Nine candidates seeking to become the world’s top diplomat answered a total of about 800 questions over the past three days from ambassadors and advocacy groups in the first move in the U.N.’s 70-year history to open up the usually secret selection of the next secretary-general.
General Assembly President Mogens Lykketoft, who presided over the question-and-answer sessions, said he was “very inspired” that in addition to almost all 193 U.N. member states taking part, 227,000 people from 209 countries and territories watched some of the webcast.
“It has already made a difference,” he told reporters late Thursday. “We have established a new standard of transparency and inclusivity for the selection of the secretary-general.”
According to the U.N. Charter, the secretary-general is chosen by the 193-member General Assembly on the recommendation of the 15-member Security Council.
Lykketoft has said the question-and-answer sessions could be “a potential game-changer” if many countries support one candidate, which would put pressure on the Security Council not to choose someone else.
It’s too early to say if that will happen, since more candidates are expected to throw their hats in the ring. Lykketoft encouraged those interested to “come forward quickly.”
Britain’s U.N. Ambassador Matthew Rycroft said questioning and hearing from every candidate “will increase the quality of the decision-making in the Security Council when the time comes, and I think it will raise the bar in terms of the overall quality of the field.”
Other Council members were more cautious about the impact of the sessions. Angola’s U.N. Ambassador Ismael Gaspar Martins said they “could offer the Council a first view of who the potential candidates really are” and help them “choose properly.”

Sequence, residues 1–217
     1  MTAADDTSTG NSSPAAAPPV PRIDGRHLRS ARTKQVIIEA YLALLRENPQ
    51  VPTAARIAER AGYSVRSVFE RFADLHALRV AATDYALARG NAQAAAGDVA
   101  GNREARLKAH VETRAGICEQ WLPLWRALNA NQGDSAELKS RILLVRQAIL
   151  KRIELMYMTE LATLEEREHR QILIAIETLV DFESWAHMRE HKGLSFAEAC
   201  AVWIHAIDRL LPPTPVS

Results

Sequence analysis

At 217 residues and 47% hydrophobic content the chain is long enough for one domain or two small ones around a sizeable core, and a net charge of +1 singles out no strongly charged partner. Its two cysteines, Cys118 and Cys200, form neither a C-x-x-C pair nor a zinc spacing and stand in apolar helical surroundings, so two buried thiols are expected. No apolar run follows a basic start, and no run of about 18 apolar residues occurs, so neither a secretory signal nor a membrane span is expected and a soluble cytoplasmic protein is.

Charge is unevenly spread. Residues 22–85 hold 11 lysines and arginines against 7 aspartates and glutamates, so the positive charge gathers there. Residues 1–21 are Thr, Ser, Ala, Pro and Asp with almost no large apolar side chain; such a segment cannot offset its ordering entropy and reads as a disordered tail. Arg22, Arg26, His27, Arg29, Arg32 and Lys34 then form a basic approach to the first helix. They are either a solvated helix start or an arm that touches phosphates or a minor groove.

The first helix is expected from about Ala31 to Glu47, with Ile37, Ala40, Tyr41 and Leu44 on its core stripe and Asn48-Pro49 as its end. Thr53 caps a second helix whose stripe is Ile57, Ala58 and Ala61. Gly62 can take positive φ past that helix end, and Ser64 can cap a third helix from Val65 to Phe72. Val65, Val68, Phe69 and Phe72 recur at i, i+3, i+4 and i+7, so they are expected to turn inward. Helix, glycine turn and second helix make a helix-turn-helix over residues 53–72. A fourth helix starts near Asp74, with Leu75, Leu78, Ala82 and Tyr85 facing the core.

Russia’s U.N. Ambassador Vitaly Churkin said “some people seem to be excited” but he clearly wasn’t. “I think it might be useful. We’ll see,” he said, declaring diplomatically that he has a “very good impression of all candidates.”
By tradition, the job of secretary-general has rotated among regions and Asia, Africa, Latin America and Europe have all held the top U.N. post. East European nations, including Russia, argue that they have never had a secretary-general and it is their turn. There has also never been a woman secretary-general and a group of 56 nations are campaigning for the first female U.N. chief.
Srgjan Kerim, a former Macedonian foreign minister and ex-General Assembly president, stressed the importance of following the unwritten rule of rotation, saying Thursday it maintains “mutual trust” and promotes needed unity at a time [when] the world is facing many crises.
Former New Zealand Prime Minister Helen Clark, who heads the U.N. Development Program, said the U.N. needs “a proven leader who is pragmatic and effective” — and she has demonstrated those qualities. As one of four women in the race, she stressed that “all my life I have fought for gender equality and women’s empowerment.”
Former Serbian foreign minister and General Assembly President Vuk Jeremic, who was only nominated by his government on Monday, presented General Assembly members with an 81-page platform containing 53 specific commitments on issues from stabilizing countries in the Mideast and North Africa to prioritizing genocide prevention.
Lykketoft said a common thread among all the candidates was that the U.N. has taken some great steps forward with new development goals, a climate agreement and maybe progress in Iran and a start in Syria. But there was also widespread agreement on the need for the U.N. to undertake “pro-active intervention to avoid conflicts and contain conflicts,” adopt a stronger network to monitor human rights violations, and reform the U.N. bureaucracy, he said.
Former Slovenian president Danilo Turk said “the secretary-general is neither secretary nor general” but “a servant of the organization” who must be available 24 hours a day. As U.N. chief, he said he would urgently review global crises, launch a program to implement the new U.N. goals for 2030, and carry out recruitment and budget reforms.
The other candidates are Montenegro’s Foreign Minister Igor Luksic; former Croatian Foreign Minister Vesna Pucic; UNESCO Director-General Irina Bokova from Bulgaria; former Moldovan Foreign Minister Natalia Gherman and former U.N. refugee chief and ex-Portuguese Prime Minister Antonio Guterres.